` div.entry-dateline {display: none}

Breathing Techniques

tCqzfUhw.jpeg

We all know what it’s like to be working out and have our lungs be the limiting factor to our performance, whether it’s running on the tread or doing strength work on the floor. My legs might feel good, but if I can’t control my breathing, I’ve got to hop off the belt early or drop my weights before my set is over. That feeling is both frustrating and helpless. It’s a moment that occurs for all of us, but if we can make them few and far between, we feel better about heading into the gym, better during the workout, and leave feeling empowered for whatever comes next.


My background in breathing comes from my experience as a musician. In operatic singing, the intake and management of your breath is a make-or-break endeavor. I have sung in choir since my freshman year of high school, but my college voice teacher really got me involved in opera. The size of my voice fit the scale of the music well (you have to sing without a mic over a full orchestra), and once I started I had a blast. Singing has taught me a lot and shown me the possible reward of hard work. By 25 I have been a soloist at Minneapolis Orchestra Hall and sang in the Vatican on choir tour.  If I set myself up for success in the phrase I’m about to sing, I have an opportunity to create a magical moment. But if I breathe poorly, there’s no chance at all. Breathing for bel canto singing (opera) is the most coordinated breathing in the world. So how does one breathe properly?


It all starts with posture. Just like our setup for a walking lunge we set up with our feet directly beneath our hips. Shoulders are stacked on top of the hips and the shoulders are rolled back and away from the ears (but still relaxed). The sternum must be held high, as if someone tied a string from the middle of your sternum to the ceiling. Now we are ready for the intake.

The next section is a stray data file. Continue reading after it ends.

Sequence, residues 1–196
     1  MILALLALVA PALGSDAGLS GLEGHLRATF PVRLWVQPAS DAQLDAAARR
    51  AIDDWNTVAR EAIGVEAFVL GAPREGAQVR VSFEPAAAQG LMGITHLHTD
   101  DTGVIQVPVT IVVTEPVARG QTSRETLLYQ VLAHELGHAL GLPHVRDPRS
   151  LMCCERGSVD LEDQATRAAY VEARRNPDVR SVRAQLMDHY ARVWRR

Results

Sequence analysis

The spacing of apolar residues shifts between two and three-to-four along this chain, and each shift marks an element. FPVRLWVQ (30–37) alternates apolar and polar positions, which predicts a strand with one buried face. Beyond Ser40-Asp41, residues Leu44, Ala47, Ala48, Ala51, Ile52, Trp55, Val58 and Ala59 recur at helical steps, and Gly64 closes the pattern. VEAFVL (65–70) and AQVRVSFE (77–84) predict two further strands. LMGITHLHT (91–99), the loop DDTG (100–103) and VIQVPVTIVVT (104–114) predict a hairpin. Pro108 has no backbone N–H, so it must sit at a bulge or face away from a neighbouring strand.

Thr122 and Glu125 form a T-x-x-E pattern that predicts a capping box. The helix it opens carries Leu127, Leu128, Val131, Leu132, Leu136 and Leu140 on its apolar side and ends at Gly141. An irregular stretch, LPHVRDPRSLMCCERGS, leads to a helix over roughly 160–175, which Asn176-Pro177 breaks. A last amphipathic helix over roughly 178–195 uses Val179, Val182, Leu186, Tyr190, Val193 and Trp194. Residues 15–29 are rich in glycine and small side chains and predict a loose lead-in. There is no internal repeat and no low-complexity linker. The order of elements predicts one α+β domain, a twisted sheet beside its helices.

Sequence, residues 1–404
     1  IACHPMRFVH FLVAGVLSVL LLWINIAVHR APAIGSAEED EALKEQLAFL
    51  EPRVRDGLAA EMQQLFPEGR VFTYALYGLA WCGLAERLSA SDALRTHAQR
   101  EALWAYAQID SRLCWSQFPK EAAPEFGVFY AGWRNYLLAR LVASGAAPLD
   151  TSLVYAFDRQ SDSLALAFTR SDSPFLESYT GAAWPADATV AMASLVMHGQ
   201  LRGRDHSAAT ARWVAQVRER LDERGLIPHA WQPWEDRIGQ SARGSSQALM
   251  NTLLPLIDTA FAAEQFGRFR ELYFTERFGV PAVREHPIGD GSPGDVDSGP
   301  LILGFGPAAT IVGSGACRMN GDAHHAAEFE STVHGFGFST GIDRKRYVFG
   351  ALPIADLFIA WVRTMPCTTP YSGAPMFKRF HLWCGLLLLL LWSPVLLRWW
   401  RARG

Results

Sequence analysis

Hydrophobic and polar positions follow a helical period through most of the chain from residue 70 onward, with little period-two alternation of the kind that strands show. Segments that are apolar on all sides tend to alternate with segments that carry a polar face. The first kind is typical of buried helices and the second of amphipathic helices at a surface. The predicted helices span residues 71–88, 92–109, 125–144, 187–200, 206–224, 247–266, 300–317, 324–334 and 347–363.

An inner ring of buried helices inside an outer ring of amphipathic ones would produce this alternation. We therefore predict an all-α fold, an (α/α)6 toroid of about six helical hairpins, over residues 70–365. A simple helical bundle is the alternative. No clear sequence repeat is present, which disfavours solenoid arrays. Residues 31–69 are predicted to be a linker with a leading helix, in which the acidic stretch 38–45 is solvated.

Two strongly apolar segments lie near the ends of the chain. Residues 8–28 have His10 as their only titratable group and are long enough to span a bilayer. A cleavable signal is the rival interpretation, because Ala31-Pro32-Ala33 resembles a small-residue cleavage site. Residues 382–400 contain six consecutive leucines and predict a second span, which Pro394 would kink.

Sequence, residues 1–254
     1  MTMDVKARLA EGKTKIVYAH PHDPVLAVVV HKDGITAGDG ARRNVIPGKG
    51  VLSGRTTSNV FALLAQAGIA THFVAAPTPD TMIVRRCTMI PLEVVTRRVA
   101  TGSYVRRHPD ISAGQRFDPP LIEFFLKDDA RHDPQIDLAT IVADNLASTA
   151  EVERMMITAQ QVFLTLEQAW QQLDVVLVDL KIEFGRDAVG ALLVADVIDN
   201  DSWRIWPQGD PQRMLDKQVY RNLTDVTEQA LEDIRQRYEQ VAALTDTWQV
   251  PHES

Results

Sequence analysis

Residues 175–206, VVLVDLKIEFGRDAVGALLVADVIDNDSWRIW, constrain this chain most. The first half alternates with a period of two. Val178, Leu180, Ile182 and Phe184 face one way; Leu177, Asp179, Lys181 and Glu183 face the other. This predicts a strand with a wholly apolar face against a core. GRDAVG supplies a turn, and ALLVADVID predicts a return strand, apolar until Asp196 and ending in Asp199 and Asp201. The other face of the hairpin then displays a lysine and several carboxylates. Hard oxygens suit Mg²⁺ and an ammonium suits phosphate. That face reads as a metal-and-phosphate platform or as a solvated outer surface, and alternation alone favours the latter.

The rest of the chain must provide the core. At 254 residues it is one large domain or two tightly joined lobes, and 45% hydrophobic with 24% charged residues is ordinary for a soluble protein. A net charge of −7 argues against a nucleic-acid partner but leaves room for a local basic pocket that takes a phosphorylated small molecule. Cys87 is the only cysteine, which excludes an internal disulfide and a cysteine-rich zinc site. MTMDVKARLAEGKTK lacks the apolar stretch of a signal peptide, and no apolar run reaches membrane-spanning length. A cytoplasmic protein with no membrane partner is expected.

The intake is most efficient by breathing using the diaphragm. You know that you are breathing using your diaphragm if your stomach and rib cages expand when you breath. If you take a breath and you expand through the sternum or your shoulders rise and lower, you want to let your diaphragm take over more of the workload. When breathing with the diaphragm, your chest will expand near the end of a full breath, but we want to maximize expansion into the stomach first. Once you take your breath in, you want to manage it. Managing the breath as a singer means controlling the pace of the exhale.

In the gym managing the breath means hanging onto that expansion so that when you inhale next, the air has an unrestricted path towards maximum volume. Why is maintaining expansion important? Think about a balloon. When you blow it up the first time you have to blow hard enough that you move the walls of the balloon to make the shape that you want. If the balloon could stay the same size when you let the air out, putting the air back in would be a heck of a lot easier than if you let the balloon completely deflate.

Cool! So…. How do I do this while I’m working out…?


Keep core under tension

When we run, we need to keep our core under ~20% tension for rock-solid technique. This doesn’t mean that we stop breathing by activating our diaphragm. There is a balance between completely letting go of your core to take a diaphragmatic breath and keeping the core too tight so we cannot expand using our intercostals and diaphragm. It can be tricky to find, but that is why we practice!


Breathe through stomach and pelvic floor

Once our effort is over, every second of rest is valuable. Once you step off that treadmill, maximum expansion through your stomach and pelvic floor is the goal. We want to take deep and voluminous breaths during our rest time to accomplish a few different things:

  • Practice our habit of coordinated, intentional breathing mechanics

  • Give our midline a break from being rigid during exercises (This will help towards feeling more refreshed going into the next set)

  • Provide maximal oxygen intake to provide your body with more fuel to burn during the next set.

  • Release tension throughout the body to allow more efficient movement mechanics during our working time

If you want to learn some breathing exercises to teach yourself healthy breathing habits, take those proper breathing mechanics onto the tread with you, and recover quicker through efficient oxygen intake.

Any questions, let me know!

All Hail the TreadMighty,

Coach Colin

colin.berry@flyfeetrunning.com